Brian Rowe
Seattle University School of Law

Eric E. Johnson
University of North Dakota School of Law

Hiram A. Meléndez-Juarbe
University of Puerto Rico Law School

Srividhya Ragavan
University of Oklahoma College of Law

H. Brian Holland
Texas Wesleyan School of Law

Anthony Falzone
Stanford Law

Eric Priest
University of Oregon School of Law


[1] Sec. 8113 is part of a larger Subchapter providing for “Coordination and Strategic Planning of Federal Effort Against Counterfeiting and Infringement.” The subchapter creates, in Section 8111, the office of the Intellectual Property Enforcement Coordinator and mandates that the Office “coordinate the development of the Joint Strategic Plan against counterfeiting and infringement” by an advisory committee of federal agencies. Section 8113 describes the purpose and content of the strategic plan. Section 8113(a) states, in relevant part:
(a) Purpose
The objectives of the Joint Strategic Plan against counterfeiting and infringement that is referred to in section 8111(b)(1)(B) of  this title (in this section referred to as the “joint strategic plan”) are the following:
. . .
(6) Working with other countries to establish international standards and policies for the effective protection and enforcement of intellectual property rights.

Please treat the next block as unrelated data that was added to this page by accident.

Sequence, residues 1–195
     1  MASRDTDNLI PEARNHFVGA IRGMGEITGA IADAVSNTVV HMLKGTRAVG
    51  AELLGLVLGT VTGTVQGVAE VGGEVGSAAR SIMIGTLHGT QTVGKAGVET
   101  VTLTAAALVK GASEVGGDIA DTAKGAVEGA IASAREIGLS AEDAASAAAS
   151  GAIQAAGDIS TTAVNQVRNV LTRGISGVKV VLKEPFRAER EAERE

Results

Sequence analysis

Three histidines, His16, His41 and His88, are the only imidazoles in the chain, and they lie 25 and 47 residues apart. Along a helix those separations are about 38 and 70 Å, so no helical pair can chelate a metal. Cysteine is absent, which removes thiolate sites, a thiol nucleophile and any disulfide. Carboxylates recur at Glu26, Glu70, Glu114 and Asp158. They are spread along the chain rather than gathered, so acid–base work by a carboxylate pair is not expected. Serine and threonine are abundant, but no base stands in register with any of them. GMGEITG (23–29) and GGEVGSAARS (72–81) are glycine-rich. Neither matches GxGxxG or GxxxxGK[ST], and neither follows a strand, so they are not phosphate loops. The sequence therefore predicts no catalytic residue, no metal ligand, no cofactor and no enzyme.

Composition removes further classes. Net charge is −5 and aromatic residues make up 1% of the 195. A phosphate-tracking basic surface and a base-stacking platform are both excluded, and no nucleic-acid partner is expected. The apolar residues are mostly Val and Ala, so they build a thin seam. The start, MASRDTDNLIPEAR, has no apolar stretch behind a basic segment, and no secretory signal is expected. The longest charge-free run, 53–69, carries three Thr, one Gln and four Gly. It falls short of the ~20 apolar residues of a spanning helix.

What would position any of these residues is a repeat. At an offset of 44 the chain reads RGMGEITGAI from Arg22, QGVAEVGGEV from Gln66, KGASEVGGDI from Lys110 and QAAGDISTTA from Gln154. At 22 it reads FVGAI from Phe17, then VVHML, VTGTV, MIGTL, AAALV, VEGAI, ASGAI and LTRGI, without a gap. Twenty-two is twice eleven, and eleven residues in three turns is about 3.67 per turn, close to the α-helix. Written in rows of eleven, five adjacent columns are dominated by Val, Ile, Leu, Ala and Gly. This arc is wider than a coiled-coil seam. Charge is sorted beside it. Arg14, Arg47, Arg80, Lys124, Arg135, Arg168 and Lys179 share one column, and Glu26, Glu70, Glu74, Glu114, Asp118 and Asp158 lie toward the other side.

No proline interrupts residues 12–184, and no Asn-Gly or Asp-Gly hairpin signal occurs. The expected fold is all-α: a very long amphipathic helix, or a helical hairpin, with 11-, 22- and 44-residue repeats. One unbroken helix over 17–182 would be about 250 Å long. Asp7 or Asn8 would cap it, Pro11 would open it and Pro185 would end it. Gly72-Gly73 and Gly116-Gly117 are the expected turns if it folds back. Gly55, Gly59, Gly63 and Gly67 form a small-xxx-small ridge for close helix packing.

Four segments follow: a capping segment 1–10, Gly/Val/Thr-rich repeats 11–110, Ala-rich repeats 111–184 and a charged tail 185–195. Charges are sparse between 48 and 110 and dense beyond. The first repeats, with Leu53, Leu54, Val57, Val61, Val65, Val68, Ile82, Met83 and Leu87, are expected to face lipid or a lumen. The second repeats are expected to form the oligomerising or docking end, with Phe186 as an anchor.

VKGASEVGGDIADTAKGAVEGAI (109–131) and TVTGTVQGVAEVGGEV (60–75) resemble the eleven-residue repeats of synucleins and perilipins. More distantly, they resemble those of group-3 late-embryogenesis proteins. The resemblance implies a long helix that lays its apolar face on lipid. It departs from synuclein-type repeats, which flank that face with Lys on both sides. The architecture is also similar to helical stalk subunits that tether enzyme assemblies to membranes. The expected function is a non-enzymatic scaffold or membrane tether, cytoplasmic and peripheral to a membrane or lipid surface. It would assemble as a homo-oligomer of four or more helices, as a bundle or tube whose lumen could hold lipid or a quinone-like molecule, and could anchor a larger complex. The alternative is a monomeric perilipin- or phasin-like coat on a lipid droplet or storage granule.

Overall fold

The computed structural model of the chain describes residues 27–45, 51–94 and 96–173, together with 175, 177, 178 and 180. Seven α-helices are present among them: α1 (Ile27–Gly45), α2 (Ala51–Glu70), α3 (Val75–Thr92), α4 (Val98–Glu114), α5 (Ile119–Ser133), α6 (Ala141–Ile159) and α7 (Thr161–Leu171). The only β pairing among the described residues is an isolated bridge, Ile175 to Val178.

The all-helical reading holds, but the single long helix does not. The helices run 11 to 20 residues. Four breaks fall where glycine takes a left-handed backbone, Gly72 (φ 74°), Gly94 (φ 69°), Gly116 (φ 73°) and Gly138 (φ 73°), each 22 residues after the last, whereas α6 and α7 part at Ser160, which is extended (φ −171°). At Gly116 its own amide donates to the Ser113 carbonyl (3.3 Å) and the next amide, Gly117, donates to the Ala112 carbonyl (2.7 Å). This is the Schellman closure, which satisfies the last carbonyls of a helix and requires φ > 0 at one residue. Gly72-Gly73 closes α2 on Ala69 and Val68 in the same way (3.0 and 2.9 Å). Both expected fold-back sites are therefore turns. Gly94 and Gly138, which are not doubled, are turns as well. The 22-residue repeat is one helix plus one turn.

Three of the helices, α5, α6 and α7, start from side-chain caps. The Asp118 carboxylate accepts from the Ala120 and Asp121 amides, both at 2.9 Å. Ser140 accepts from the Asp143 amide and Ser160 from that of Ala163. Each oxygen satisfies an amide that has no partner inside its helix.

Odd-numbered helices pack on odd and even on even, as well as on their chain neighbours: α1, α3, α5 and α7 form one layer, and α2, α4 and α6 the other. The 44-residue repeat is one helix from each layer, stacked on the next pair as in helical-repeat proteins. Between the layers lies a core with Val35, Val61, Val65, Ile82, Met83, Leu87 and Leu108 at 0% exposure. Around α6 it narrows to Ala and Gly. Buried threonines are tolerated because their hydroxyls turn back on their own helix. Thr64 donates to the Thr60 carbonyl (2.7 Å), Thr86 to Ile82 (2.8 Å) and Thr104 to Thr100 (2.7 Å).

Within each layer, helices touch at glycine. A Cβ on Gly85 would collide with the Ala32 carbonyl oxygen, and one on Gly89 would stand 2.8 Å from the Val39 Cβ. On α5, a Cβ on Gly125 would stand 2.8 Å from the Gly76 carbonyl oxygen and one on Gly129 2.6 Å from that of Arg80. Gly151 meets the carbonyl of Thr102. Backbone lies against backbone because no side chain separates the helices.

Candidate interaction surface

(7) Protecting intellectual property rights overseas by –
(A) working with other countries and exchanging information with appropriate law enforcement agencies in other countries relating to individuals and entities involved in the financing, production, trafficking, or sale of counterfeit and infringing goods;
(B) ensuring that the information referred to in subparagraph (A) is provided to appropriate United States law enforcement agencies in order to assist, as warranted, enforcement activities in cooperation with appropriate law enforcement agencies in other countries;

[2] (f) Enhancing enforcement efforts of foreign governments

The joint strategic plan shall include programs to provide training and technical assistance to foreign governments for the purpose of enhancing the efforts of such governments to enforce laws against counterfeiting and infringement. With respect to such programs, the joint strategic plan shall –

(1) seek to enhance the efficiency and consistency with which Federal resources are expended, and seek to minimize duplication, overlap, or inconsistency of efforts;

(2) identify and give priority to those countries where programs of training and technical assistance can be carried out most effectively and with the greatest benefit to reducing counterfeit and infringing products in the United States market, to protecting the intellectual property rights of United States persons and their licensees, and to protecting the interests of United States persons otherwise harmed by violations of intellectual property rights in those countries;

(3) in identifying the priorities under paragraph (2), be guided by the list of countries identified by the United States Trade Representative under section 2242(a) of title 19; and

(4) develop metrics to measure the effectiveness of the Federal Government’s efforts to improve the laws and enforcement practices of foreign governments against counterfeiting and infringement.